Brooklyn native Petri Hawkins Byrd earned his B.Sc. degree from the John Jay College of Criminal Justice in 1989 and started working in the Brooklyn Family Court system. He first worked with Judge Sheindlin when he transferred to the Manhattan Family Court. “We [the court officers] used to call her the Joan Rivers of the judicial system,” he recalled in a 2004 interview. “She was just hilarious.” Byrd relocated to San Mateo, California in 1990 to work as a Special Deputy U.S. Marshal and a few years later he read an item in Liz Smith’s gossip column about Sheindlin’s upcoming TV show. He sent his old colleague a congratulatory letter and added, “If you need a bailiff, I still look good in uniform.”

9. DESPITE HIS SOMETIMES IMPOSING COURTROOM DEMEANOR, OFFICER BYRD IS ALSO A VERY FUNNY GUY.

He is a talented impressionist, but his sense of humor almost cost him his job—or so he thought at the time. Once, back when he was working with the feisty Judge Sheindlin in New York, he donned her robe and reading glasses to entertain his co-workers with a barrage of Judyisms. Of course, as always seems to happen when one mocks the boss in the workplace, he was caught in the act.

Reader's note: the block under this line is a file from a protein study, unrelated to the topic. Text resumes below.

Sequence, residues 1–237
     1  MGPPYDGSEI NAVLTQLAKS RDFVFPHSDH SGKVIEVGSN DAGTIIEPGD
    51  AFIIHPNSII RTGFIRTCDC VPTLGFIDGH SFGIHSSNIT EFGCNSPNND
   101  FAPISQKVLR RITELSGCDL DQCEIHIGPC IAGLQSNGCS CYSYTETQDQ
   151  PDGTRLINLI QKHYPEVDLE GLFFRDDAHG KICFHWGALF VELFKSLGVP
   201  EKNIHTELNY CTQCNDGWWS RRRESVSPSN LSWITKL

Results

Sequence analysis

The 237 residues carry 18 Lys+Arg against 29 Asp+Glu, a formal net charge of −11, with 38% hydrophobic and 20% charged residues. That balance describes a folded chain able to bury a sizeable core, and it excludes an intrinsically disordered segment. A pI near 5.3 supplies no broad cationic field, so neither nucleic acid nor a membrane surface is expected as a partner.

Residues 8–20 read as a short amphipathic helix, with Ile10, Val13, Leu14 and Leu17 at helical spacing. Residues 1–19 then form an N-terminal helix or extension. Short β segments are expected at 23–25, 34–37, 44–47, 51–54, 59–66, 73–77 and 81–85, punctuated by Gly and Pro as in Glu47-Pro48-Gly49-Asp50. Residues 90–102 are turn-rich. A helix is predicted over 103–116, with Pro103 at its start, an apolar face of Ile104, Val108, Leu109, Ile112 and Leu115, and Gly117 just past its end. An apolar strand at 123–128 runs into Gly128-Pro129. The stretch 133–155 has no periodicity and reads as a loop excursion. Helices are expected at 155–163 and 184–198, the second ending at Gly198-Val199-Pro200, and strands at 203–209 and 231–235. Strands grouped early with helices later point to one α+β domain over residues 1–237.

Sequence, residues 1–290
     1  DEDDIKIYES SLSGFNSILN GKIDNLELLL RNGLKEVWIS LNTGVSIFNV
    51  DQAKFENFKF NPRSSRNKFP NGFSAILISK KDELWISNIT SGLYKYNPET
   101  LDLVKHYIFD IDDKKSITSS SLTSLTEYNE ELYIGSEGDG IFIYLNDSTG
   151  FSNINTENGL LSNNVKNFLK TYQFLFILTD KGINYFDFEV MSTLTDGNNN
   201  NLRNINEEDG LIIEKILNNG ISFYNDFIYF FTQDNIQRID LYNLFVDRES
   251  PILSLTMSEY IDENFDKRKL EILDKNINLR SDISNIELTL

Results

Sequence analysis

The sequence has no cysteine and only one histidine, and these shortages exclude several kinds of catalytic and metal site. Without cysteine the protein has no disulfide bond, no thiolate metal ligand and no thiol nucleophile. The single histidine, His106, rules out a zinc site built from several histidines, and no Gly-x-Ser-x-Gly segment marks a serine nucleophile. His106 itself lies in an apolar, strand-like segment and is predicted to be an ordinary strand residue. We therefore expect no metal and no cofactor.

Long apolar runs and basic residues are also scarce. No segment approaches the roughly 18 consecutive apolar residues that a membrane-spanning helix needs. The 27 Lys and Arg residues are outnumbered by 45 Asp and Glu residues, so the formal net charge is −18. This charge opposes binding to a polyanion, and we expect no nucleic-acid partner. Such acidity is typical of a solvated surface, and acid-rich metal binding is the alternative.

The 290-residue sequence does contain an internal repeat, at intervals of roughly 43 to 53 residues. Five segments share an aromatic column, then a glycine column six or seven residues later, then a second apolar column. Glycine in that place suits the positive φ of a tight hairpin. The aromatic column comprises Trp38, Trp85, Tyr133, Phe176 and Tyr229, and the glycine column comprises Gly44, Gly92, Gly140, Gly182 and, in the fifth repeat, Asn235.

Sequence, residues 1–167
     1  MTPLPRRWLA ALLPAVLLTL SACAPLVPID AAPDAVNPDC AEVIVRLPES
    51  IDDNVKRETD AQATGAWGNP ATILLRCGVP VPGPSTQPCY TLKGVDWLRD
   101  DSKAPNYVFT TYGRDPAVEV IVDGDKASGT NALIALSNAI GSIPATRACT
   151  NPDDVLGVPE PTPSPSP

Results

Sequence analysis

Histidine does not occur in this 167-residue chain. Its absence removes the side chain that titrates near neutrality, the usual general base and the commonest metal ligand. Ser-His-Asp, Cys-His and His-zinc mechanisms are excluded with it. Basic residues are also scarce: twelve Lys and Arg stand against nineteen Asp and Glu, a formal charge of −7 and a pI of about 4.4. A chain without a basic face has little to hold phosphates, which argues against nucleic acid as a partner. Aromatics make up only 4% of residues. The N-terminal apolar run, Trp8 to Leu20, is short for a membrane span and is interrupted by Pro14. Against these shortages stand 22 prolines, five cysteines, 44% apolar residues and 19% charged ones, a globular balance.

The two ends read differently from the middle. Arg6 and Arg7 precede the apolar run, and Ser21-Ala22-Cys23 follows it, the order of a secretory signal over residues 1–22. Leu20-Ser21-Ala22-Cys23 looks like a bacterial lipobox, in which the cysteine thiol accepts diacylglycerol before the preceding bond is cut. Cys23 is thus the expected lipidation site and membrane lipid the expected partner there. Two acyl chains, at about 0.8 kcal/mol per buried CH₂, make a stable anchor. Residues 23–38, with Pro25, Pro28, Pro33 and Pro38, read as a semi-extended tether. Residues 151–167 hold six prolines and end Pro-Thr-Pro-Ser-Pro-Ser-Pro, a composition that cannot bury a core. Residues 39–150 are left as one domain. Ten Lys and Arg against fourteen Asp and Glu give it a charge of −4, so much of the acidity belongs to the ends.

10. THE OCCASIONAL CELEBRITY RELIES ON JUDGE JUDY’S BRAND OF JUSTICE.

Depending upon your own definition of “celebrity”, of course. Actress Roz Kelly (Pinky Tuscadero on Happy Days) appeared on the show in 1996 as the plaintiff, suing her plastic surgeon for a leaky breast implant that was impeding her acting career. One year later, former Sex Pistol John Lydon (a.k.a. Johnny Rotten) appeared as a defendant when drummer Robert Williams, who was hired to support Lydon on a solo tour, sued the singer for lost wages and an assault. Despite Lydon’s occasional bad courtroom behavior, the decision was made in his favor.